But for me at that stage in my life and my career and my dad at 85 years old when I won my match and he walked up on that green and gave me that big hug and said, "That's the greatest gift you could ever have given me." For a father/son, for him to pick him up the way he was, because I about lost him over Christmas, really he had bypass surgery and he had lost 40 pounds, I didn't know if I was even going to get him through the winter. Just for me and him to have that special moment as a father/son that, meant a lot.

Family to me is No. 1, golf has always been third in my life, my faith, my family my job and that's kind of the way I approach my life and that's the way I live my life. The majors are the ultimate by far but for me that Ryder Cup was in my home state of Kentucky (Louisville). I had a mulligan there, I've said this many times, that's where Brooksy beat me in the playoff and everybody in my home state who sees me, they all remember that.

Well, they don't remember that anymore. Now it's all The Ryder Cup. That's all they remember is how I played in The Ryder Cup at Valhalla.

So to me that was the ultimate. That was so special to me. I tried to get that green jacket. I had one arm on the Cup and I had one sleeve in the arm in the green jacket; I hope I can hug that U.S. Open trophy come Sunday, and I'll answer that question differently come Sunday if that happens. You know, I'll have probably a different opinion about that, so we'll see. But to me, The Ryder Cup was just out of this world. It was a lot of fun.

Q. Can you talk about the scholarship things that you've been doing back home?

KENNY PERRY: Well, I give five percent of my earnings to Lipscomb University. That's a Christian school; my wife went there; my son went there; my daughter went there. And our goal was if a kid doesn't want to go to UK or Louisville or Western, they are about 8 to 10 thousand a year, Lipscomb is 25 a year; money was not going to be an issue if the kids wanted a Christian education. That was our goal setting the scholarship up. We have probably over 40 kids using it now. It's 1.5 million I've put in a trust fund there which goes to all of the kids who want to use it.

We branch out, it's not strictly our county, most of them have come from my hometown, but we do use it all over the area now. And I have also helped started the Boys' and Girls' Club chapter in Franklin, we built the building there in Franklin. We had 40 kids start three years ago and now we have 550 kids there, and to me that is awesome. We had a huge outing at my golf course just a couple of weeks ago. We raised almost $30,000 from a town of 10,000 people, small town. It's amazing how my little town is definitely a Mayberry town, all the communities rally around. Probably average income there is 35,000, 40,000, 50,000 at most maybe, my whole town. And they give and give and give. It's pretty amazing community.

Q. How is Justin's game?

KENNY PERRY: Well, you can ask him. He played at Sebonack yesterday. I don't think he had as much fun yesterday out there.

Q. You were just talking a little while ago about you were behind Scott Hoch in '02 when he made the hole‑in‑one on 17. How difficult of a hole is that? It's really well protected and the greens slide, two‑tiered and now you're talking about the stadium atmosphere in Scottsdale. Is that a hole you get geared up for and you just want to push it through?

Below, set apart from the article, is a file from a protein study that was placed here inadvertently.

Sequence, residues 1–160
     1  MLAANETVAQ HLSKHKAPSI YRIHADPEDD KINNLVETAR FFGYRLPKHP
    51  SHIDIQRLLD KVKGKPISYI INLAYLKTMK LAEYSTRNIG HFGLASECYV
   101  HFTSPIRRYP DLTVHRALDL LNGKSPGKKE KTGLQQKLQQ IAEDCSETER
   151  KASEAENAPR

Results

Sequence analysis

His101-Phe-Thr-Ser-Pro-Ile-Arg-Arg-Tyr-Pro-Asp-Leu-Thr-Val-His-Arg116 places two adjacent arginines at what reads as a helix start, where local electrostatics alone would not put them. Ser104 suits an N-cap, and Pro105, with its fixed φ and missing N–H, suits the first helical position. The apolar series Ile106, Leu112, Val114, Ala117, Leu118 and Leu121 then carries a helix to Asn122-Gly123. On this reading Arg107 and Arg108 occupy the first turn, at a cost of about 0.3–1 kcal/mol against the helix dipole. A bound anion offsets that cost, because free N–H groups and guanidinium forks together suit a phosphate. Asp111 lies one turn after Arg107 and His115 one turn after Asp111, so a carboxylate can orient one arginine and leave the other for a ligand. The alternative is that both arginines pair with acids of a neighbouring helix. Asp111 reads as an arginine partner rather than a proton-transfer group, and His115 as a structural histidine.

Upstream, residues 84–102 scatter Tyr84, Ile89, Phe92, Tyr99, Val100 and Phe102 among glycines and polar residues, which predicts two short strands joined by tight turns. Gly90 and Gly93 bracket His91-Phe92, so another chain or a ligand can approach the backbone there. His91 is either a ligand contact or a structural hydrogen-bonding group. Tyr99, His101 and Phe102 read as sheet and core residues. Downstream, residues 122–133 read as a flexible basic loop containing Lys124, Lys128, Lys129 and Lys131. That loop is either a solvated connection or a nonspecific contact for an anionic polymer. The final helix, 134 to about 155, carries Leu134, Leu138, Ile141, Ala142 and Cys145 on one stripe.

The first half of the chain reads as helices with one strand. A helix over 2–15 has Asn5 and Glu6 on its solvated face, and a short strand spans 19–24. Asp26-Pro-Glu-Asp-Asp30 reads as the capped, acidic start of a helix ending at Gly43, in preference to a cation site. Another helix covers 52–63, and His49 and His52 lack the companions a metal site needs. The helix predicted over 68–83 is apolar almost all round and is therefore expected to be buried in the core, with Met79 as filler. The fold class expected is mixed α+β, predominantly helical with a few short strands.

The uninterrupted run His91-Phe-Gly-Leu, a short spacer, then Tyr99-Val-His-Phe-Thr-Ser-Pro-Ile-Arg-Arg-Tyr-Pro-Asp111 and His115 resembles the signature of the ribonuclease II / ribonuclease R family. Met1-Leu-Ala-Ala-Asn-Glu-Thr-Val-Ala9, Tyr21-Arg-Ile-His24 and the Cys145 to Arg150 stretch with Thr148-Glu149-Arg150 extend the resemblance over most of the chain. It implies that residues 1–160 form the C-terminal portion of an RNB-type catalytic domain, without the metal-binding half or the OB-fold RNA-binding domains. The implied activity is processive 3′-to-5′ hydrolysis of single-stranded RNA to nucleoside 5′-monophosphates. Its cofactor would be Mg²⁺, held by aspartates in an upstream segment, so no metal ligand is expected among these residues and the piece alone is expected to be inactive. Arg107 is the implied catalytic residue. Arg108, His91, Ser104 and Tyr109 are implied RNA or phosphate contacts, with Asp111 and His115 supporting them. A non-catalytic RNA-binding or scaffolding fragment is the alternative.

KENNY PERRY: Definitely, it's a beautiful hole that. Front bunker is all the way across the front of the green it's very steep. The green is very narrow and it's shelved where there's a left shelf and right shelf with a spine right in the middle where the ball will really roll hard to the right to the lower tier. You know, it's 220 yards or whatever. I hit 4‑iron in there Saturday and Sunday as hard as I could hit it. So very difficult hole.

And you know, what's neat about it, I remember all of the gallery behind the green up on that hillside just wall‑to‑wall people and then they have the grandstands to the right so it has that amphitheater effect. It's just a beautiful hole. I just remember all of the crowds jumping on the bank there, it was pretty neat.

Q. Longer distance?

KENNY PERRY: No, to me, I remember hitting 4‑iron back then, too. So to me it's the same distance.

Q. Forgive me for not knowing this, do you have any vivid memory of watching Tiger and Rocco on those 19 holes last year?

KENNY PERRY: Well, I only watched the last few holes. I was out. I don't know what I was doing that day but I only caught it the last couple of holes of the tournament. Rocco, I guess he was down and he came back, and got back ‑‑ that's when I kind of picked it up, when he kind of won like three holes in a row or something and I remember and he kind of got back into the match and then they fought it coming down to the last hole. It was pretty neat.

Q. When you are conditioning and practicing and preparing away from playing, when you are working on your game, do you allow yourself to let '96 and now let Augusta into your head?


Q. You're not that ‑‑ you're not that guy?

KENNY PERRY: Well, it may happen now. You ask the question; it may be there now. (Laughter).

But no. In the past it has not, no. It seemed like everybody week is a different week for me, I'm such a feel player. I'm always ‑‑ my ball is always flying a little bit differently and different shot shape, different look.

To me, it's a feeling that I have inside of me each week, when I was winning golf tournaments, my stroke felt differently and my mind‑set was different, everything felt different. My last few weeks I played pretty poorly, pretty average, I'm trying to find that makeup to get me back on top, so you know, to me, it's more of a feeling inside than anything.

BETH MURRISON: Kenny, thanks for joining us. We wish you well this week.